By Angel Kane
As they say, all good things must come to an end, and on Sunday, May 17th at exactly 2:30 pm at College Hills Church of Christ in Lebanon, Tennessee, the Year of Madison bit the dust.
As our eldest moved her tassel from right to left, one thought crossed my mind, and one alone… I did it!
I actually did it!!
I raised a human being from birth to full fledged adulthood!!
Now, there were others helping, of course. But 18 years ago as the doctor placed her in my arms, I had only one thought, and one alone….I just made a big mistake!
Not that we hadn’t waited with bated breath for her arrival, taking long walks counting down the days she would be with us. Her nursery was ready, her car seat was ready, her diaper genie was ready. No doubt, we were two 26-year-olds who were completely and totally ready!
And then they handed us this 7 pound 4 ounce tiny, human being and I honestly thought, there is no way I will keep her alive. This tiny creature was now wholly dependent on me and you know what, I just remembered, I’m really not that responsible. In fact, I’m kind of a mess, my Mom is totally right about me, and you want me to take her home?
Me, who can’t remember to water my plants or pay my rent on time.
Me, who has given away my last three dogs, because I don’t have time to walk them.
Me, who still relies on my Dad to change my oil and my Mom to remind me of my Grandmother’s birthday.
You people are giving this baby to me?! Are you insane, she will never make it!! I can’t take her home, in fact, I shouldn’t go home either. We should both stay here with all these smart nurses and doctors and you people should take care of both of us.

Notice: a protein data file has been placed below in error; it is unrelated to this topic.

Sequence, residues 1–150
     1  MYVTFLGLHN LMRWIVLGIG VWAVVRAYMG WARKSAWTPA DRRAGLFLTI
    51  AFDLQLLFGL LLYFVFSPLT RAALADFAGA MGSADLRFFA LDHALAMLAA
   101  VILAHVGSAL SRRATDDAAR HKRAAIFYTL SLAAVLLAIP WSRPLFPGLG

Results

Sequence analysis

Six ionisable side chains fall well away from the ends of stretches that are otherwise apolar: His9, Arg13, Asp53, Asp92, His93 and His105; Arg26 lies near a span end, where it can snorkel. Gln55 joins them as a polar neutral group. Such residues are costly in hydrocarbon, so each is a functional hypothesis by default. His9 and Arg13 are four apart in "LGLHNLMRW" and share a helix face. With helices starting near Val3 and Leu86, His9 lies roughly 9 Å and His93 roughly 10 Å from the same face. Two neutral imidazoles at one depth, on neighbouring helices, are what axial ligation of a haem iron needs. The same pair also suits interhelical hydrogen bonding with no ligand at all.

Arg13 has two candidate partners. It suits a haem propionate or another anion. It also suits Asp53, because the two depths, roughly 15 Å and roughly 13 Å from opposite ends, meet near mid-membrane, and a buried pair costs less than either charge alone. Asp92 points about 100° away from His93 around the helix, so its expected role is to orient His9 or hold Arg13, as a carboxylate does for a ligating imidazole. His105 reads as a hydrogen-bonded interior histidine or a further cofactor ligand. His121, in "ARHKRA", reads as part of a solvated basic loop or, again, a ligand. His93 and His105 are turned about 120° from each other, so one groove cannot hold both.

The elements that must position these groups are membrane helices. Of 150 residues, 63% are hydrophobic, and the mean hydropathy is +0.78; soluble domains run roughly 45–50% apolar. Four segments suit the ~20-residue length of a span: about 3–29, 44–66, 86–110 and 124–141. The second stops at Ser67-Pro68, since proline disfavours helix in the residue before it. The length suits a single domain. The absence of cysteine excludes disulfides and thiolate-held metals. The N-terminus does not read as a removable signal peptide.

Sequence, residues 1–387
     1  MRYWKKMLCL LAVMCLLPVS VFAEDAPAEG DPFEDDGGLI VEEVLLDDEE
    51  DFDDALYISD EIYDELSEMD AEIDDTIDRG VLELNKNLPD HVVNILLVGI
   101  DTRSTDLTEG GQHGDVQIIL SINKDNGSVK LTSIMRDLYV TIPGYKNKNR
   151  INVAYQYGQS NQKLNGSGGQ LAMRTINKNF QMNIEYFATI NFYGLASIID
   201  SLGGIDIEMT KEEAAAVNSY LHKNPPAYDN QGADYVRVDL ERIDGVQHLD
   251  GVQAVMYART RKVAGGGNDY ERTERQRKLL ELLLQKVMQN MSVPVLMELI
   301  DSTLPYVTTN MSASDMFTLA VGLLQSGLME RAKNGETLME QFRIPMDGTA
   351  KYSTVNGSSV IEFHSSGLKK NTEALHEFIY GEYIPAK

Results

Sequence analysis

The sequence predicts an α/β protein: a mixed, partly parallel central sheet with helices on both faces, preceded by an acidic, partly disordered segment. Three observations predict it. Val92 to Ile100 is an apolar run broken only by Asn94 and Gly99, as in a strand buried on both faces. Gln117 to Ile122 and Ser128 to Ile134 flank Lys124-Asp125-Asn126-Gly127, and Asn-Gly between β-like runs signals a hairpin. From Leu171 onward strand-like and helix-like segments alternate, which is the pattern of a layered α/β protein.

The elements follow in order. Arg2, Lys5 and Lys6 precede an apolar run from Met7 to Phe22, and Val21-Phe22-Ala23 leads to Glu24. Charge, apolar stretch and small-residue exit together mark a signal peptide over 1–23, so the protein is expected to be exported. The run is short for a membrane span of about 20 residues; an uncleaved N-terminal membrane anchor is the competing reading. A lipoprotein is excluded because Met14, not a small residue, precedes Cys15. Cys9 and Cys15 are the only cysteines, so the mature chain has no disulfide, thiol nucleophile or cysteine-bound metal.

Barely sane enough to realize my crazy thoughts shouldn’t be verbalized, 48 hours later they let us walk out of the hospital with the tiny thing.
And so it began…..
I would watch her while she slept and then poke her for good measure to insure she was breathing. I fed her just like the baby books said (exactly like they said!) and surprisingly at her first visit, the doctor seemed happy with her results. And slowly, day by day, we sort of got the hang of it.
You feed her and she grows.
You teach her and she learns.
You love her and she loves you back.
Along the way, other people joined in to teach her calculus and Spanish, to teach her compassion and heartache, to teach her friendship and responsibility.
And before I knew it, she was walking across the stage to get her high school diploma and one week later she was on a plane to Nicaragua, with four other tiny humans who survived to adulthood with her, off to do some good.
And just like that, the Year of Madison is over and the Life of Madison is just beginning.